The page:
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Last edited by michaelm; August 28th, 2021 at 06:37 PM.
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August 28th, 2021, 05:18 PM   #27
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Quote:
Originally Posted by Keshav View Post
By continually referring to 2017 you are, if I may re-use my example, solely focused on the cherry and ignoring the big-ass cake it was resting on.

The value of a winner mind-set is a pretty hard to quantify, especially in light of the fact that Dovi and Marquez both won 6 races in 2017, and Lorenzo - Zero.

As to the decline of Yamaha, most would agree, that was a result of Rossi's finger being so deep in the pie, what with all his efforts to get Yamaha to make a bike that would help him win despite his failing abilities. And at a certain point, it became pretty clear, that Yamaha in general, just pretty much lost their way, a problem that lasted a few years.

Nope, it is interpretation.

I acknowledge the work done prior to 2017, but I also fully recognise the sudden change that occurred on the arrival of 2 other factors.

Winners mindset is everything for success but where was Dovi's prior to 2017 where after a number of years on factory machinery he had 2 wins?

Nope, the arrival of Lorenzo started a fire (said it at the time) and the arrival of Gabbarini facilitated the fire by providing greater prowess in the back office. Yes, the work prior helped but in many sports such a sudden improvement would raise eyebrows.

With Yamaha, interesting how we now blame Rossi and I for one accept that he played a significant part in the direction that the factory headed on his return in 2017, but likewise Lorenzo (and a tech or two) left, none of which should be under-estimated as for the 2 years Rossi was gone, you can bet your house everything went Lorenzo's way

We wont agree as I readily admit to not now or ever really seeing Dovi as anywhere near the level of the top guys (and personally, I suspect a lot is attitude). To me, Dovi's best year, the year that really sticks in my mind where I thought this guy could ride was his tech3 year, otherwise to me he has been on the periphery of my radar (that is within context of MotoGp riders of course)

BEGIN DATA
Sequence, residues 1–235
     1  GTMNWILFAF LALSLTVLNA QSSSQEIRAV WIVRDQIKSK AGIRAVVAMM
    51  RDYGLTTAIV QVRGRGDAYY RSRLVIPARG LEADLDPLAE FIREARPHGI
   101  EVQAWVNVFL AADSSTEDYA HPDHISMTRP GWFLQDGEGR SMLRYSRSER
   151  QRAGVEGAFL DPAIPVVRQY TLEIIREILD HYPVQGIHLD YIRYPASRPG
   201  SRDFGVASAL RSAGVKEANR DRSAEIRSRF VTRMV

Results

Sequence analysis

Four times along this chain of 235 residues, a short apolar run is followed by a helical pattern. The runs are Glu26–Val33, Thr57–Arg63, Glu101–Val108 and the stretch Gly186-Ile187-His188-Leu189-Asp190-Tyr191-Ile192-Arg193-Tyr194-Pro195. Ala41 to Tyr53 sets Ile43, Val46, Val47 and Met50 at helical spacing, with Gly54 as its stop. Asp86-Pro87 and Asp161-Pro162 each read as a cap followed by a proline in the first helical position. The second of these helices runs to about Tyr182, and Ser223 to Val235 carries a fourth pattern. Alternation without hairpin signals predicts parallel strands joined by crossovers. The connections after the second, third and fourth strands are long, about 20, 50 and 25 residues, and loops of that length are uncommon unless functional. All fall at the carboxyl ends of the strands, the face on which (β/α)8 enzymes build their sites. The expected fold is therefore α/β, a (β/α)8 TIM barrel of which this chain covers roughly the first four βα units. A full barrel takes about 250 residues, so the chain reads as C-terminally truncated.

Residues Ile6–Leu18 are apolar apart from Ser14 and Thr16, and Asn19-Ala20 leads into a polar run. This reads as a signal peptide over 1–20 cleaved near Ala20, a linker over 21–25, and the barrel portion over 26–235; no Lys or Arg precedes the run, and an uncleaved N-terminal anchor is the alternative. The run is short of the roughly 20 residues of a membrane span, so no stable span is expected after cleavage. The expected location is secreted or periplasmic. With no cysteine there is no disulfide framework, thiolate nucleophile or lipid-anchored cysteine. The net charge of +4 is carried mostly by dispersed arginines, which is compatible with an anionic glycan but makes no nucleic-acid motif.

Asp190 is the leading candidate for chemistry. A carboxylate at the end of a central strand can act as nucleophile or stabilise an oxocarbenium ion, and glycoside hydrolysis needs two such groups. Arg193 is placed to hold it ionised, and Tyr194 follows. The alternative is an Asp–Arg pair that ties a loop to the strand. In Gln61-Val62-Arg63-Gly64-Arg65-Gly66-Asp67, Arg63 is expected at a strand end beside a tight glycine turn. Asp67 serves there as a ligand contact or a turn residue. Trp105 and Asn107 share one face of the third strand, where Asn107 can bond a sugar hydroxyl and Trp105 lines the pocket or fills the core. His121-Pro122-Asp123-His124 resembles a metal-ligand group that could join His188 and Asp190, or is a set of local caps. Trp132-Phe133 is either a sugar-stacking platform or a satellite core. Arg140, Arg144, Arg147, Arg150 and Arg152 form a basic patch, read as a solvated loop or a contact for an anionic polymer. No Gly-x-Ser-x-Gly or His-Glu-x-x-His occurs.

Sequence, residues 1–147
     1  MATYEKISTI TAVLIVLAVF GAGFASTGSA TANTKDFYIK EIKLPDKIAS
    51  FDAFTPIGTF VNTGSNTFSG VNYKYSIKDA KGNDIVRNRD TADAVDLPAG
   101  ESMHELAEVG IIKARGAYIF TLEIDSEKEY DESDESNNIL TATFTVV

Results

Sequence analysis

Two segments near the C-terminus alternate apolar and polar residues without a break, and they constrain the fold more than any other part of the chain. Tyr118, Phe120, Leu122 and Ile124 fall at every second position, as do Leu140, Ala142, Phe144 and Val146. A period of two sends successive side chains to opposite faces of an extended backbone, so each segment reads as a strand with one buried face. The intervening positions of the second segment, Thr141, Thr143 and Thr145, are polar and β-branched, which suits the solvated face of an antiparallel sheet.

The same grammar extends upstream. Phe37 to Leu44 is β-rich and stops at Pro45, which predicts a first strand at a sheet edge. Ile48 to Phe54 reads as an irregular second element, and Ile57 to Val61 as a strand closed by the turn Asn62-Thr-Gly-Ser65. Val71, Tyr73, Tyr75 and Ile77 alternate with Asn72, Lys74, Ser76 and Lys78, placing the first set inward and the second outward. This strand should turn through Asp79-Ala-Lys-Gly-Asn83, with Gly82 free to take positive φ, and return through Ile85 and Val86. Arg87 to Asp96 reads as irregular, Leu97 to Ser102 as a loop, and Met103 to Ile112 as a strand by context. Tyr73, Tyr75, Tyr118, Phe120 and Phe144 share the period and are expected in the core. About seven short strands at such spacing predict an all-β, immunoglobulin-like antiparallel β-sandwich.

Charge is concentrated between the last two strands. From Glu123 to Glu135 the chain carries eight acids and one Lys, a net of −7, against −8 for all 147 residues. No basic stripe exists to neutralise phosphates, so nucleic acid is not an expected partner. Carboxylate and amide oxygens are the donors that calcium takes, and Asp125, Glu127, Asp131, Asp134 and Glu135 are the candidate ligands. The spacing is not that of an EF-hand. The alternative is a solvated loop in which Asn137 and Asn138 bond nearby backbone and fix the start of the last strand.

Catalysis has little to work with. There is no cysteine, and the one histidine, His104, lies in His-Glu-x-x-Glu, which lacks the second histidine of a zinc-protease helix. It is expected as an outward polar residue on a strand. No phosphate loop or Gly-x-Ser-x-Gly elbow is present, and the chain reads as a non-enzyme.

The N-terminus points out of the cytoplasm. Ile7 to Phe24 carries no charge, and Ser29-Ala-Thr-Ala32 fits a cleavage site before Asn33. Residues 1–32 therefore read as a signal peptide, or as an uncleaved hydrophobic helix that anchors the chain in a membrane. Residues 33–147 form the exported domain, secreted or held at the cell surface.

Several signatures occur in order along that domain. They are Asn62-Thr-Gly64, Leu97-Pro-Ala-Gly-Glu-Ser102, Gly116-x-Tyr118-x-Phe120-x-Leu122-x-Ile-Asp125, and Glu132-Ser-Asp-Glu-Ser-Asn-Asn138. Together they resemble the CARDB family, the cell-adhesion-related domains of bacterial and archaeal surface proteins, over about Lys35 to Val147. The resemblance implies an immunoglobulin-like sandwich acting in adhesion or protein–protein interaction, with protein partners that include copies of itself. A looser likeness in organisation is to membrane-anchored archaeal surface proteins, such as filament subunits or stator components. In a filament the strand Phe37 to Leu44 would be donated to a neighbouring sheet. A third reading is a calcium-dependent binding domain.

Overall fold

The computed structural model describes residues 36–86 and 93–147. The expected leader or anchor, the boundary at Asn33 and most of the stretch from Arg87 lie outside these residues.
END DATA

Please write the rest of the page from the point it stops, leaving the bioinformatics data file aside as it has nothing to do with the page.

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August 28th, 2021, 05:19 PM   #28
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I don't know if this needs saying, but sometimes text typed up on the internet doesn't always convey emotions all that well, so to be clear to Gaz, I enjoy dialoging with you and always appreciate alternate points of view. I've said it before, I have no problem being swayed to a better understanding of this sport.
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August 28th, 2021, 05:24 PM   #29
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The importance of what riders contribute in general is a separate question on which I have less disagreement with you.
My take here and where I agree but disagree is in the rider input to development.

Have always said that no rider today will tell the engineers how to fix an issue or how to improve performance, and likewise no rider will deliberately lead development of a bike to make it more ridable to his/her competitors (test riders are the exception)

Nope, to me development of a bike is rider based in terms of results and that rider's position within the heirachy.

You can bet that HRC use Marc's data to determine direction then they would Pol, likewise it was Dovi over Ianonne, Lorenzo over Spies and so forth which means that they lead the development. It is also why I wondre now for Ducati and Suzuki as examples where we have no clear ride leader. Where will they go in the next year or so?

What then happens is that once that lead rider leaves, the development focus has to change and that takes time as the development route is then based on another's data and so forth. Neverending cycle.

Last edited by Gaz; August 28th, 2021 at 05:27 PM. Reason: typo
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August 28th, 2021, 05:26 PM   #30
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I don't know if this needs saying, but sometimes text typed up on the internet doesn't always convey emotions all that well, so to be clear to Gaz, I enjoy dialoging with you and always appreciate alternate points of view. I've said it before, I have no problem being swayed to a better understanding of this sport.
All good man, I have no issue debating but will pull the pin at some time else we end up like the years past where Talpa, Jumkie, You, me and a myriad of others wrote volume after volume which bored the shit out of a lot of people who come here for the bants